Coming off a quarter marked by inventory excesses and widespread promotions, Nike will likely report a hit to gross margin and profits when it reveals second-quarter earnings on Tuesday — as the company continues to discount portions of its merchandise such as apparel, analysts said.
Nike ended Q1 with inventory up 44% over last year. The company also reported a 22% decrease in net income of $1.5 billion due to elevated freight and logistics costs, as well as higher markdowns in the Nike Direct business.
Given the expected inventory clearing headwinds, analysts were cautious about the stock, noting that Nike’s short-term performance could likely take a hit.
In a note to investors, Williams Trading analyst Sam Poser said to “remain on the sidelines due to ongoing lack of visibility” for fiscal year 2023. Weak sales in Nike’s basketball and the Air Max division and a highly competitive promotional environment will also impact results this quarter as well, Poser noted, adding that management will likely have a clearer view on the marketplace after the third quarter as inventory clears and sales in China recover.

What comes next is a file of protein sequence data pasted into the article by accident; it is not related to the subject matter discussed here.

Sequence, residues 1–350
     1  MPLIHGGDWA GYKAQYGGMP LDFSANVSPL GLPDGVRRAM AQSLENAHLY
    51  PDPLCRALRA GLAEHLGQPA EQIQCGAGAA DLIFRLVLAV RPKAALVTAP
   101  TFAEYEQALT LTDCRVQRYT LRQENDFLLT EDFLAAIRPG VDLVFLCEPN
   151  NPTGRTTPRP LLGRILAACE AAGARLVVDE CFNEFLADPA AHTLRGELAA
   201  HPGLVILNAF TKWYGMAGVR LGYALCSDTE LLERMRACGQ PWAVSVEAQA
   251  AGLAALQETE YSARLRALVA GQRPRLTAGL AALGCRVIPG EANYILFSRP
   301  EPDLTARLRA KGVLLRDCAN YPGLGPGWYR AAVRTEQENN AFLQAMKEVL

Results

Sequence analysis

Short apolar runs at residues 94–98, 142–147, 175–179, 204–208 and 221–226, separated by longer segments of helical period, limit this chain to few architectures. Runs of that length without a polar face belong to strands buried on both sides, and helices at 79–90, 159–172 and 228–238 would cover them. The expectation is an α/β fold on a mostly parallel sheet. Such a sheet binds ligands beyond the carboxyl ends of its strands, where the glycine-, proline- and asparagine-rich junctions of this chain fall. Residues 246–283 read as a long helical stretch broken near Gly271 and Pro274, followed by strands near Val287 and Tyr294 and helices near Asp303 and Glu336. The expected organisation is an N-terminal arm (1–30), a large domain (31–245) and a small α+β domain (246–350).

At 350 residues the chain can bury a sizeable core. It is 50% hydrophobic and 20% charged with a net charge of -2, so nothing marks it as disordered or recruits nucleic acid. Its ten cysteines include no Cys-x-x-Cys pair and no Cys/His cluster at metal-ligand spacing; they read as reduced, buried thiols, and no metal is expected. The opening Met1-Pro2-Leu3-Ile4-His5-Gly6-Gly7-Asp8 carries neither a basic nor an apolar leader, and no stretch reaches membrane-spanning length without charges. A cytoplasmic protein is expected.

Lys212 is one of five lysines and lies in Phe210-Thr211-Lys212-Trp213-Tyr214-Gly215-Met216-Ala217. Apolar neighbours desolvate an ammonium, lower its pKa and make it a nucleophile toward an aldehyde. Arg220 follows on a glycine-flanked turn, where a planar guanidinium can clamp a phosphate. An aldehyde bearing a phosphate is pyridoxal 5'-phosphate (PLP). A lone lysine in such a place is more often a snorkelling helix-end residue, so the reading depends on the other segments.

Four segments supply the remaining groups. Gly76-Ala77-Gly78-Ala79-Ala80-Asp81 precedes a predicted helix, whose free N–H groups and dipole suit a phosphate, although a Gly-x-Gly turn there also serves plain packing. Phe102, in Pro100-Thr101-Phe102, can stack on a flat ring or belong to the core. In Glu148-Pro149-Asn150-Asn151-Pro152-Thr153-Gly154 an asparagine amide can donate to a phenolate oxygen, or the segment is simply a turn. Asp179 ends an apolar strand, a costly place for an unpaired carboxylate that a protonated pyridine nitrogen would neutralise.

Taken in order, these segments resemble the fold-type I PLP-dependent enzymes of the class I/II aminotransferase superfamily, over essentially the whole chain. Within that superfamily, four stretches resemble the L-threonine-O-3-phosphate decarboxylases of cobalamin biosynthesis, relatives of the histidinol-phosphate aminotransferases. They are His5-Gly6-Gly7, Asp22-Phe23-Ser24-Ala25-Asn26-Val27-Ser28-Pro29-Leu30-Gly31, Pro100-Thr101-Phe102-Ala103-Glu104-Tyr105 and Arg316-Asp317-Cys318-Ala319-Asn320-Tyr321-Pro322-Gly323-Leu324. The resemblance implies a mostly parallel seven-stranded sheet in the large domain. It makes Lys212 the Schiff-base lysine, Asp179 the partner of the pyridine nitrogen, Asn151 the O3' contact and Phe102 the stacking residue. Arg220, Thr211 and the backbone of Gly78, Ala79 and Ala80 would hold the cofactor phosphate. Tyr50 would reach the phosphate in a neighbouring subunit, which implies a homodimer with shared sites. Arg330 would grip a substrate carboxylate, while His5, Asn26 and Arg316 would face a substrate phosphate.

Despite the expected headwinds, analysts don’t expect a completely devastating quarter for Nike. According to a note from Morgan Stanley analysts, a hit to EPS or GM in Q2 wouldn’t be crushing, especially if it means Nike is able to move through its inventory excesses and come out lighter than last quarter. This would position the company well for the future.
“We expect Nike likely takes advantage of potentially stronger-than-expected North American sportswear demand to clear through excess apparel inventories,” the Morgan Stanley analysts wrote. “Even if a 2Q EPS beat fails to materialize as a result of deeper discounting-related GM pressure, we do not necessarily view that as a negative for the stock.”
Nike will also be entering the holiday season with a few tailwinds. After Adidas cut ties with Kanye “Ye” West and the Yeezy brand in late October, the absence of Yeezy products in the marketplace this year will leave its former market share up for grabs, with Nike emerging as the most likely brand to win it over.
Yeezy sales have typically peaked in December. As Wedbush analyst Tom Nikic pointed out in a Monday note, there were 10 Yeezy launches in December of last year, out of about 65 total launches over the year, “demonstrating how concentrated the brand had become to December.”
Throughout December, Nikic expects to see 26 high heat launches from Nike. The lack of competition from the Yeezy brand will likely prompt stronger demand for these releases, as well as lower-tiered Nike products as well.